When the Socceroos were knocked out of the World Cup by eventual champions Argentina, the journey of a lifetime came to the most abrupt ending imaginable.
There was no time for Graham Arnold and his players to sit back, nurse a beer and contemplate the magnitude of what they had just achieved as a group. Most of them had to pack their bags and fly back to their clubs the next morning.
Graham Arnold and the Socceroos will face Ecuador in a pair of friendlies later this month.Credit:Getty Images Europe
Nor was there any opportunity to show gratitude to the fans who flocked in huge numbers at ungodly hours to live sites throughout the country – particularly at Melbourne’s flare-tinted Federation Square, which became a recurring motif of Australia’s best World Cup campaign and actually fuelled them on their run to the round of 16.
Finally, though, a sense of closure, if that’s the word: the Socceroos are coming home, with a pair of friendlies against Ecuador later this month in Sydney (Friday, March 24) and Melbourne (Tuesday, March 28) providing the first opportunity supporters will have to show their appreciation for the team, and vice versa, in the flesh.
Arnold intends to name as close to the same 26-man squad that featured in Qatar as he can, save for the injured Ajdin Hrustic (ankle), Martin Boyle (knee) and Mathew Leckie (hamstring), who will miss out. But he is also mindful of balancing any celebration of past successes with their ambition of bettering them in the future.
With only nine months until a new World Cup campaign begins and just over 10 months until the next Asian Cup, there is precious little time for Arnold and the Socceroos to bask in former glories.
“We’ve got a long list of players that we’re already monitoring and scouting for the next campaign but, for these two games, I’m looking to bring back the boys that went to the World Cup,” he said.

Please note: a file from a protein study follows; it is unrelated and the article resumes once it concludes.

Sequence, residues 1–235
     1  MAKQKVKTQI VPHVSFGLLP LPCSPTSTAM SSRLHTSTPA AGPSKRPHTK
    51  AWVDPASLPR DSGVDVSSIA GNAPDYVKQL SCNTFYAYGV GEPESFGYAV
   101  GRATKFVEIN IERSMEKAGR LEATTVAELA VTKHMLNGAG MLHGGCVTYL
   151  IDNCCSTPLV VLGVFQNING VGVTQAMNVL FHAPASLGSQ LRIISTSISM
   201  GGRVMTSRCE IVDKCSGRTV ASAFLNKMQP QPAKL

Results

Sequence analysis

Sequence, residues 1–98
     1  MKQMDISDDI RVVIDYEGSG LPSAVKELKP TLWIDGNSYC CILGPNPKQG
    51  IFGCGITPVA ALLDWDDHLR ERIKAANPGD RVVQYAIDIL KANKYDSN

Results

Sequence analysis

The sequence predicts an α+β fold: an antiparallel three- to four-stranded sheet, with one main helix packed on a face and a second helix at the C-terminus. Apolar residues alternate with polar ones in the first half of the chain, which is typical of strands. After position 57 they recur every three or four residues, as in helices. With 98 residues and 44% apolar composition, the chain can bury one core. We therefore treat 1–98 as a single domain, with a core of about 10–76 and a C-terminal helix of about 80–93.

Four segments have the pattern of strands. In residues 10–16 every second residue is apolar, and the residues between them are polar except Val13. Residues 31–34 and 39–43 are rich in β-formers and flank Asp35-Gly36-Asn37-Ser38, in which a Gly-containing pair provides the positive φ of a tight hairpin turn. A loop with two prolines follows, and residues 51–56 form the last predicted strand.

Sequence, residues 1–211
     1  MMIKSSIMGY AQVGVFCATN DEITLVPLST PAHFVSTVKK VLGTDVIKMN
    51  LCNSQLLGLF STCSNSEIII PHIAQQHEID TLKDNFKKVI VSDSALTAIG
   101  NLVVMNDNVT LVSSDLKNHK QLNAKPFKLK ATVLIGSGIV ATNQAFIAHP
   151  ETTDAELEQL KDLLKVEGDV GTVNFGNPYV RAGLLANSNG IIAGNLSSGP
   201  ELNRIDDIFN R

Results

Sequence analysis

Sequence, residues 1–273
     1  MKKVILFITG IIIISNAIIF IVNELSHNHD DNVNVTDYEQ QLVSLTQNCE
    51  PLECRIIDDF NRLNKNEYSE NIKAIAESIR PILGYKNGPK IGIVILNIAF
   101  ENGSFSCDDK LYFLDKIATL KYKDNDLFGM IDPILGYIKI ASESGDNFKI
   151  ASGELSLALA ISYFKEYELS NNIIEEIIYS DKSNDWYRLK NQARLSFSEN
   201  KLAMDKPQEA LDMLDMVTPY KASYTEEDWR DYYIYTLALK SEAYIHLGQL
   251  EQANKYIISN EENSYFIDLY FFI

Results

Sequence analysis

“These two games are an opportunity for the boys just to actually feel the worth of what they did for the nation. I’ve been back in Australia for six or seven weeks, but people are still patting me on the back and telling you the experiences they had during the World Cup.
“Externally, the messaging is for the fans to come and celebrate what the boys did. But day one, when the boys come into camp, they will be told they’re getting the first chance to get on that clean sheet of paper of selection moving forward. It’ll be explained to them how the World Cup [qualification] campaign works with 48 teams, and also our main goals for the next three and a half years.
“It’s about achieving something more special. I said right at the start of my campaign in 2018, and I got laughed at, that we will be the greatest Socceroos team in history. Well, that’s going to be the main goal again.”
The presence of Ecuador, who are ranked No.46 in the world by FIFA and impressed at the World Cup despite failing to make it out of their group, will mean that the Socceroos can’t afford to treat this as a homecoming parade, even if it feels like one to everyone else.
The first match, on a Friday night at CommBank Stadium in Sydney, looms as a particularly momentous occasion: it is just the fifth time since 2011 (excluding the 2015 Asian Cup that Australia hosted) where the Socceroos will play a match on home soil on a Friday, Saturday or Sunday. Almost all other games are held on Tuesdays or Thursdays due to the structure of FIFA international windows.
That should help ensure a bumper crowd, while Melbourne’s Marvel Stadium will deliver the same sort of atmosphere on the following Tuesday, if the scenes at Federation Square late last year are any indication of interest levels.
Watch every match of the UEFA Champions League, UEFA Europa League and UEFA Europa Conference League on Stan Sport. All the action streaming ad-free, live and on demand, with select matches in 4K UHD.
Most Viewed in Sport
From our partners
Source: Read Full Article